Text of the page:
Playing Damocles Syndicate out, in full, at then end of my set Hidden in Manchester last year to an entirely enraptured crowd was incredible. I was shaking all over. It has such a long, weird breakdown in the middle that it’s impossible to play and keep a crowd onside unless you absolutely have them in the palm of your hand, a difficult thing to pull off.

Absolutely losing it while Jon Dasilva was playing, dancing in the booth at Moog Club in Barcelona for one of our 10th Birthday bashes, the barstaff had been feeding me free tequilas all night and I’d gotten rather carried away. 

Arts School Union venue in Glasgow, with the Something Wicked crew. I met my wife there at my first gig there 15 years ago, have played a few times since but to finally do an I Love Acid there really meant a lot.

How do you feel the clubbing landscape has changed over the years? 

The stigma of age groups has vanished. No one gives a shit if your 18 or 58 if you’re having it on the dancefloor. I think this is down to two things – firstly, this music has been around long enough to have fans from all demographics, and secondly – social media means we link up with people of similar interests, rather than just those the same age from the same locations, or workplaces.

But also, crowds are more demanding, sometimes to a detriment of new artists or ideas. They know what they want, and it’s big names playing expected styles. Big corporate sponsored events where the lineup all have the same management company, and punters are buying £50 VIP tickets…this shit is the opposite of what the rave scene was about.

This isn’t always the case though, there are fantastic events like The Acid Experiment in Birmingham who have a really open approach to genre, and don’t play the obvious high-profile DJ game – and their crowds respond in like. One of the best events in the country, and I hope that approach will start taking more elsewhere.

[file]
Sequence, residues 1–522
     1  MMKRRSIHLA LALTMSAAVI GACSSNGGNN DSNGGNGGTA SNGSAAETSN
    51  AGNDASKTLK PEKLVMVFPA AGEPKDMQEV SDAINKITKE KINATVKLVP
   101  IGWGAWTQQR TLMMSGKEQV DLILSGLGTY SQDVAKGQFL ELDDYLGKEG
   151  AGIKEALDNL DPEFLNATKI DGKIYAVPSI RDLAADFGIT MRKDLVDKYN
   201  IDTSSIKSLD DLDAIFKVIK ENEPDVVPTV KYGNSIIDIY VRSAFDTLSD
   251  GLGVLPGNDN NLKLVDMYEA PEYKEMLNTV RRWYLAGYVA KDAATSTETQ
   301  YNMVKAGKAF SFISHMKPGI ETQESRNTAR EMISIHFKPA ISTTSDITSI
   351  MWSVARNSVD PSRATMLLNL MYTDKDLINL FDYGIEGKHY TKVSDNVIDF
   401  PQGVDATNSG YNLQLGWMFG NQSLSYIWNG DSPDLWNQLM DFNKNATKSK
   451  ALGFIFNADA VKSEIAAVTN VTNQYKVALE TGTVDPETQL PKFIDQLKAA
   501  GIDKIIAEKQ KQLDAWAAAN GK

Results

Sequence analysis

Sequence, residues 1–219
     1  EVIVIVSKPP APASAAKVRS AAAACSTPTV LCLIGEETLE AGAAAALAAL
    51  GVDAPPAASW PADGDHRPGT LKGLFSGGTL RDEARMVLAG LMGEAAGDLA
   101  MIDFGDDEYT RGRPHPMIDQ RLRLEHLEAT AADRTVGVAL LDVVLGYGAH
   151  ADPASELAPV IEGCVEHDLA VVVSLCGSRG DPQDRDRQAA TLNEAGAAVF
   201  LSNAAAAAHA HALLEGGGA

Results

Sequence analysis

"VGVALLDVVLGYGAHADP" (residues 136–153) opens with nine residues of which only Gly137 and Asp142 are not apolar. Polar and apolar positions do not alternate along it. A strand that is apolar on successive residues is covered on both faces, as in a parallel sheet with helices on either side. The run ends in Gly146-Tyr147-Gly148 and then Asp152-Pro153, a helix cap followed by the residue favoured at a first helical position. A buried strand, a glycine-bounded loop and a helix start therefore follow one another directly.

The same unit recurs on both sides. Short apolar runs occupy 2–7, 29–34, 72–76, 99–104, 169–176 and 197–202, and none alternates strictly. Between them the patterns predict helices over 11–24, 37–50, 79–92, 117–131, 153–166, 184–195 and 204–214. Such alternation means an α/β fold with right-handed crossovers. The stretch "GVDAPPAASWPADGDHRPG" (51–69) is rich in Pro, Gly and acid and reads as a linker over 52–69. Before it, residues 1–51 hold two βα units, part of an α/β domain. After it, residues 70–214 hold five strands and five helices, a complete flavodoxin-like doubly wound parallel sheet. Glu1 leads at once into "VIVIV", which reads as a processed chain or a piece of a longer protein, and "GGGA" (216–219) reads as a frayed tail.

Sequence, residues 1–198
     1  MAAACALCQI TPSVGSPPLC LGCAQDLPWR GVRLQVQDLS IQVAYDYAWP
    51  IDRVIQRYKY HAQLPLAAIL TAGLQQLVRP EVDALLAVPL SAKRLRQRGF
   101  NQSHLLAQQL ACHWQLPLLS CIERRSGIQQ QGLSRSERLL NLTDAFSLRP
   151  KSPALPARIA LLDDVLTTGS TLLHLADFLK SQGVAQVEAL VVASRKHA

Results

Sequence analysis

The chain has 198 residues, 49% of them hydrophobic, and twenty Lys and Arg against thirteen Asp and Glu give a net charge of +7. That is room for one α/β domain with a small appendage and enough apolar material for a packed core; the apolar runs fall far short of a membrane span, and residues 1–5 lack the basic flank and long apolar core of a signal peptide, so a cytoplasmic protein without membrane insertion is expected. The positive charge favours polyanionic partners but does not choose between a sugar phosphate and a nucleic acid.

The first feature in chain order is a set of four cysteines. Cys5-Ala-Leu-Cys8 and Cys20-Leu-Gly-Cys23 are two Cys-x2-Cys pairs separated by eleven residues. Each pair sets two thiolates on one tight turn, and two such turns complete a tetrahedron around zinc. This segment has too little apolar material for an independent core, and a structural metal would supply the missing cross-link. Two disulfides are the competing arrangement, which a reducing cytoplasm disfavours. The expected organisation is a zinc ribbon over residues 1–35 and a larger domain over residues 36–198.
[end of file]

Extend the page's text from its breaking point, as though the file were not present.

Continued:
Having been in the industry for two decades, what do you hope to achieve next? Are there any other creative formats you are looking to explore that you haven’t done yet?

I’d like to do more video, and properly interactive A/V sets. I love the idea of assigning different visual elements to specific sounds and effects, so what you see is an exact visual rendering of what you hear. But I don’t have the time or skills to pull that off right now, haha. Maybe one day.

There are a lot of lost arts of vinyl, locked grooves, reverse pressing, multiple grooves etc. I’m hoping with all the new plants coming on line that those techniques will be rediscovered and we can start having a little more fun with records.

Right now I’m just enjoying DJing and gigging out in new places. I’ve been doing this a long time, but in the last couple of years that side of things has exploded. This year I’ve played shows 45 out of 52 weekends, either as Posthuman or part of Altern 8, last year was similar. And I love it still as much as ever.

‘Mutant City Acid’ by Posthuman is out now via Balkan Vinyl – buy here and I Love Acid x Five Miles tickets here.